Ann Mortifee is sharing the bill with Rick Scott and Nico Rhodes at the Port Theatre on Sunday, March 11. (Photo courtesy Kris Krug)

Singer Ann Mortifee is giving a rare performance at the Port Theatre

Mortifee is sharing the bill with old friend folk-singer Rick Scott

Ann Mortifee said she isn’t usually one to look back on past accomplishments, but since turning 70 last year she’s taken time to reflect on a lifetime of performance art and travel.

“I really felt that sometimes it’s really good to recapitulate to go back over your life and say, ‘My gosh, I’ve taken an extraordinary journey and look where it’s led,’” she said.

Mortifee’s extraordinary journey has taken her around the world as a renowned singer, songwriter, actor, playwright, activist and caregiver. The Vancouver resident has been performing fewer concerts over the last few years but she’ll be heading to Nanaimo this weekend for a musical reunion with an old friend.

Mortifee and her band will perform on a double bill with Nanaimo’s Rick Scott and Nico Rhodes at the Port Theatre on Sunday, March 11.

Mortifee and Scott go way back; they met when Mortifee cast him in her first full-length musical, Reflections on Crooked Walking, in the early ’80s. However, she said this will be the first time they perform together in concert since a gig at a fair in Jackson, Miss. decades ago. She said they will make appearances during each other’s sets.

“I went back over some of the events of my life that were very important for me…” Mortifee said of her retrospective repertoire.

“I was born in Africa, so I’ll definitely touch on Africa. And I’ve spent time there with the head sangoma, or shaman, of the Zulu nation and so I do some songs related to that and I spent time in India so I do one song from India.”

She said she’ll be revisiting songs she hasn’t sung in “years and years and years,” yet despite their age, Mortifee says her older material still holds up well.

“I’ve got some new songs in there as well, but what I found so interesting was that so many of the things I was talking about then are still happening today. Nothing much has changed,” she said.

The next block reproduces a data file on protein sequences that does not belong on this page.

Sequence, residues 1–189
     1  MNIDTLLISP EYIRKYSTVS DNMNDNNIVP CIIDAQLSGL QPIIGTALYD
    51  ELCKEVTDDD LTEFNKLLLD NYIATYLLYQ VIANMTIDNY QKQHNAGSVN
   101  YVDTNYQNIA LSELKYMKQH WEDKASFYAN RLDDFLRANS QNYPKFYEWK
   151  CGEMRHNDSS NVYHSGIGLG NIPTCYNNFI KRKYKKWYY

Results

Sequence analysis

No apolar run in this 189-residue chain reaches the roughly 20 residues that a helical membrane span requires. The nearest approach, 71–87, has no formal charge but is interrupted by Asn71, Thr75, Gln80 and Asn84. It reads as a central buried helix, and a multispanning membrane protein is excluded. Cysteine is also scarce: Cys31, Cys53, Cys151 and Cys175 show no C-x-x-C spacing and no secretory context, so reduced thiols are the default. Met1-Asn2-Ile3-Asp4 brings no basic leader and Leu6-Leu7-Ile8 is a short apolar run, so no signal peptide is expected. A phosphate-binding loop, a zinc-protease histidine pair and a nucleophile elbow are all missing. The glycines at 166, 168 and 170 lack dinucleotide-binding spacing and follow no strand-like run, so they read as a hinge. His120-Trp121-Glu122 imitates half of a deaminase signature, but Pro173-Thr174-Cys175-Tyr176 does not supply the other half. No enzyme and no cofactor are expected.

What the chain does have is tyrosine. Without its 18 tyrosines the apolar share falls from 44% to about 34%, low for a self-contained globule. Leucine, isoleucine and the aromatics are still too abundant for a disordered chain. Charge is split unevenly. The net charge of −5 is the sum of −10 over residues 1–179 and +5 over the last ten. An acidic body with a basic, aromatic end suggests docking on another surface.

Mortifee said her new and old songs work well in each other’s company. She said she’s always maintained a distinct way of seeing the world and experiencing music.

“I don’t write about the same things, but I think we are who we are and that we grow and we change but basically I think it’s imprinted on us fairly young what your motivation is in life,” she said.

“So that comes out in the music and it also comes out in the way you feel. Because, really, the melody travels on how you feel.”

WHAT’S ON … Ann Mortifee joins Rick Scott and Nico Rhodes at the Port Theatre on Sunday, March 11 at 2:30 p.m. Clocks move ahead one hour for daylight savings. General admission is $38, $20 for students. Tickets available at the box office.

Like us on Facebook and follow us on Twitter

Just Posted

Court date moved for Nanaimo city manager accused of threats

Tracy Samra’s court date now scheduled for next month

RDN receives funding for flood risk assessment

Regional District of Nanaimo to see $80K from B.C. government and $70K from feds

Tilray announces intention to be medical marijuana supplier to Pharmasave

Tilray enters into letter of intent, subject to regulation changes

UPDATE: Conditions placed on Nanaimo CAO during peace bond process

Tracy Samra charged with one count of fear of injury/damage by another person

Safari Jeff brings exotic animal tour to town

Animal enthusiast and educator presenting shows at Nanaimo North Town Centre

Beefs & Bouquets, March 22

To submit a beef or bouquet to the Nanaimo News Bulletin, e-mail

LETTERS TO THE EDITOR: Judge the NRE on its own merits

Letter writers weigh in on the Nanaimo Recycling Exchange’s closure

BCHL Today: Prince George avoids elimination with game five win

BCHL Today is a (near) daily look at what’s going on around the league and the junior A world.

Suspect arrested and charged for assault on autistic man

Parmvir Chahil has strong B.C. ties; two others charged with accessory after the fact

Uber self-driving crash video calls safety, rules into question

Experts say footage shows that vehicle’s sensors should have spotted pedestrian, initiated braking

Capital Region gas prices at their highest since 2008

Filling up is cheaper north of the Malahat

Greens’ Elizabeth May, NDP’s Kennedy Stewart join B.C. anti-pipeline protest

The two politicians could be arrested for violating a court injunction

B.C. man shot by police in 2017 pleads guilty to string of offences

Kaymen Winter gets two years, opts for trial on two charges related to Salmon Arm car wash shooting

Most Read